We recently celebrated Thanksgiving, a holiday centered on giving thanks for all that we have. Since then, we’ve moved right into the Christmas season. Our neighbors are decking their halls and home with their Christmas best. The streets are lit with twinkling lights, and the stores are crowded with shoppers. The smell of baked goods is in the air, and the sounds of carols are coming from every speaker.
In the midst of all the Christmas cheer, many of us function as if the season for thanksgiving has passed. We shop without giving one thought toward the one who has given us the ability to work and earn money. We bake without seeking the one who is our daily bread. Others of us just don’t feel like being thankful and cheery. Life can be hard, and it can seem like there just isn’t anything to be “merry” about. But, especially at Christmas, we are reminded that, as Christians, we have unending reasons to give thanks.
The one who gave thanks
And as he entered a village, he was met by ten lepers, who stood at a distance and lifted up their voices, saying, “Jesus, Master, have mercy on us.” When he saw them he said to them, “Go and show yourselves to the priests.” And as they went they were cleansed. Then one of them, when he saw that he was healed, turned back, praising God with a loud voice; and he fell on his face at Jesus’ feet, giving him thanks. Now he was a Samaritan. Then Jesus answered, “Were not ten cleansed? Where are the nine? Was no one found to return and give praise to God except this foreigner?” And he said to him, “Rise and go your way; your faith has made you well. (Luke 17:12-19)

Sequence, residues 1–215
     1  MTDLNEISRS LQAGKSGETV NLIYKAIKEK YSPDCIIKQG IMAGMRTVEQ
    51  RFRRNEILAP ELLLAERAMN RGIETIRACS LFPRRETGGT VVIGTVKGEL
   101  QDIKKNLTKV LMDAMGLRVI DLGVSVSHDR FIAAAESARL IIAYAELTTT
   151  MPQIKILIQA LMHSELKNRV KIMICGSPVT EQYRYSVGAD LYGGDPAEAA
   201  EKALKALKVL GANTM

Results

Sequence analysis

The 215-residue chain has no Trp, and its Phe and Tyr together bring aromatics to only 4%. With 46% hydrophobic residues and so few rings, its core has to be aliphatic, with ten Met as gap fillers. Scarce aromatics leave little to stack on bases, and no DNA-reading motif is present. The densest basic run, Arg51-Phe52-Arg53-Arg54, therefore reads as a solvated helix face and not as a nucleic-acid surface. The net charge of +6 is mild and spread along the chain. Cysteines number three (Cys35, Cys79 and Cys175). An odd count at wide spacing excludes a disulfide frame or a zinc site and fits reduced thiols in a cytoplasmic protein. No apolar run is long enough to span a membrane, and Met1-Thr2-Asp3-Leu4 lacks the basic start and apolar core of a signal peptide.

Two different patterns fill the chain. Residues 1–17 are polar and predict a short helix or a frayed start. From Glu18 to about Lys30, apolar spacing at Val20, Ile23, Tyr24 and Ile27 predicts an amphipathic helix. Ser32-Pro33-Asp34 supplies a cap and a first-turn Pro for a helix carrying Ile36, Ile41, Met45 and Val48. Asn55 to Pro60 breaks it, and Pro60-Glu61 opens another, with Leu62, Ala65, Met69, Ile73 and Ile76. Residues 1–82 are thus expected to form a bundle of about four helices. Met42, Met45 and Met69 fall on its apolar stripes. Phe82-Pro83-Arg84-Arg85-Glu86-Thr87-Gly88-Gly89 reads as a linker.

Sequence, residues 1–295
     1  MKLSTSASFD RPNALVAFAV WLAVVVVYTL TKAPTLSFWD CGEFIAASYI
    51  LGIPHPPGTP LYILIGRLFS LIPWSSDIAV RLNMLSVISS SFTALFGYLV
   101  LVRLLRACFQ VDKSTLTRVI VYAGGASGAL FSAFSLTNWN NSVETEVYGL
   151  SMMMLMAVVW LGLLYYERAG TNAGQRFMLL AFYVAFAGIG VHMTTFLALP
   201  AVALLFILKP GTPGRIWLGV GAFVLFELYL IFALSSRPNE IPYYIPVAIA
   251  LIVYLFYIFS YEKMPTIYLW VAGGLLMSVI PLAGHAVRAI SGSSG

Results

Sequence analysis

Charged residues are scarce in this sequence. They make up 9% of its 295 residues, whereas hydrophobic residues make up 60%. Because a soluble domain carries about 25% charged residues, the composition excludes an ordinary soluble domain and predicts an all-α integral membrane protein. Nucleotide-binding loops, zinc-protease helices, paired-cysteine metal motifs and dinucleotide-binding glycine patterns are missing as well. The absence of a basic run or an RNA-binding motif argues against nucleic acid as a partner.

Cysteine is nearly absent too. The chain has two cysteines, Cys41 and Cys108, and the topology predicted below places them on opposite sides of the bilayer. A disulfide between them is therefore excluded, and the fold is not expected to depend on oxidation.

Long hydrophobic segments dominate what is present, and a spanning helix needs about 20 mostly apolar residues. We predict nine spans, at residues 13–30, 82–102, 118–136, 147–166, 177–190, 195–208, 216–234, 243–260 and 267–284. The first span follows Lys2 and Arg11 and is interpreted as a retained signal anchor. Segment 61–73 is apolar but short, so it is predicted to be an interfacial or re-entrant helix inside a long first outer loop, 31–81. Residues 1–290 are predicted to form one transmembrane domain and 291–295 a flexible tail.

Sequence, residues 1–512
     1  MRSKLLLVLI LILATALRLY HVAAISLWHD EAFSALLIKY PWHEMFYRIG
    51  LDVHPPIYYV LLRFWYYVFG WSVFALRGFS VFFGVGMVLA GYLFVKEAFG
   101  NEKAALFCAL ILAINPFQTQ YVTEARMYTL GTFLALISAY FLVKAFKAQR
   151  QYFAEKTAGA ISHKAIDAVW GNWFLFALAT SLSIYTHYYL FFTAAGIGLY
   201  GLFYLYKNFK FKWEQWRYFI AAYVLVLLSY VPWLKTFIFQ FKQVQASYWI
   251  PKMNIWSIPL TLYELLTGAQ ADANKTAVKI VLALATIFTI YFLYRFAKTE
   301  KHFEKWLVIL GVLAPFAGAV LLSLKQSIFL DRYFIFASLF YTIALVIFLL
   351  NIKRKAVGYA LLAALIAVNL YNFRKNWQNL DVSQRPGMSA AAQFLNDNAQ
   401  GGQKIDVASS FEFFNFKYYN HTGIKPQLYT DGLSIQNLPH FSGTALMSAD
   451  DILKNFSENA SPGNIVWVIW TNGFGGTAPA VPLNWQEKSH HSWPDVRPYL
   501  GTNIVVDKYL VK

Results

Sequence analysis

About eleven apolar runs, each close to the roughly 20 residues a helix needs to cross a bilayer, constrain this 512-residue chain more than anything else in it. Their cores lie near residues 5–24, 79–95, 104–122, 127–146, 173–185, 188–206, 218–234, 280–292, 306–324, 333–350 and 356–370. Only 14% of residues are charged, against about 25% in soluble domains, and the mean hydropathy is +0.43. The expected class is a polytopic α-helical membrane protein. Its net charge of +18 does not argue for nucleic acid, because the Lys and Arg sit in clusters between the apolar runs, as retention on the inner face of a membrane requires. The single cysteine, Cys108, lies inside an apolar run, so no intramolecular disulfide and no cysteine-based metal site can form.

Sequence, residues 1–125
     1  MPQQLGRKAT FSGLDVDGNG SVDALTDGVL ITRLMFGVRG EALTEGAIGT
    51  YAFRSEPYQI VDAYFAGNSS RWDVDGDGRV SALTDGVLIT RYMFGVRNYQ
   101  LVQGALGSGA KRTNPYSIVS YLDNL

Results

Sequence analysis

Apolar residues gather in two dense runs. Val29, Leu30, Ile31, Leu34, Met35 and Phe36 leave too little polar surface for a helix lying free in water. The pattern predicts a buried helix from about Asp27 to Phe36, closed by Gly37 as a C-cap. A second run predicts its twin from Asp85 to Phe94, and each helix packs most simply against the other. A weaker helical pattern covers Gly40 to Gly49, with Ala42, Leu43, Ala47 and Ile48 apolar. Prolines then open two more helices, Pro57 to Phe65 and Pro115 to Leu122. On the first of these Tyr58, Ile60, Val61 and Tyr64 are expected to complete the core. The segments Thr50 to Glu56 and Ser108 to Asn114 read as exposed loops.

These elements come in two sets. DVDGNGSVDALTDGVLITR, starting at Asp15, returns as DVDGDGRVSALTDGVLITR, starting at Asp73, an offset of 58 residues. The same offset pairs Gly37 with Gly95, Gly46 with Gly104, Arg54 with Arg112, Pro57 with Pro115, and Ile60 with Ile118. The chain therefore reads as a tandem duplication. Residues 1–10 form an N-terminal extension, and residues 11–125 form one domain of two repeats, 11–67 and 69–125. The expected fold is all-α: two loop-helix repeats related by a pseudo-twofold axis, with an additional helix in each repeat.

In Jesus’ day, the Samaritans were despised by the Jews. It was a hatred that went all the way back to the time when Israel split into two kingdoms and Assyria conquered the northern kingdom. John 4 described this animosity when the woman at the well said to Jesus, “You are a Jew and I am a Samaritan woman. How can you ask me for a drink? (For Jews do not associate with Samaritans)” (4:9).
Because of this history, the Jews did not talk to or associate with Samaritans. In the case of the ten lepers, it is not only striking that Jesus healed the Samaritan leper, but also that the leper returned to give Jesus thanks. The Samaritan's gratitude is all the more compelling given the fact that none of the other lepers returned in gratitude. Perhaps he knew more than the other nine that he did not deserve Jesus’ healing. He knew well his standing before the Jews and that Jesus could have just healed the nine and left him out of it.
In humility, the healed leper returned to give Jesus praise and thanksgiving. Jesus responded, “Your faith has made you well.” Not only was he healed and saved on the outside, but his soul found healing and salvation as well.
A reason to give thanks
When a non-believer give thanks or makes a gratitude list, it’s not about the things they are thankful that God has done for them. Rather, it’s more like “these are the things I am happy about in my life” kind of list. In thinking about all the good things they have in their life, they feel a boost of happiness. That's because experts say that having a grateful attitude is good for us. Looking at all the blessings we have in our life makes us realize that things aren't as bad as we think. It changes our perspective, reduces stress and transforms our mood. For many in our society, such gratitude is simply a feel-good exercise to greater self-fulfillment and has nothing to do with God at all.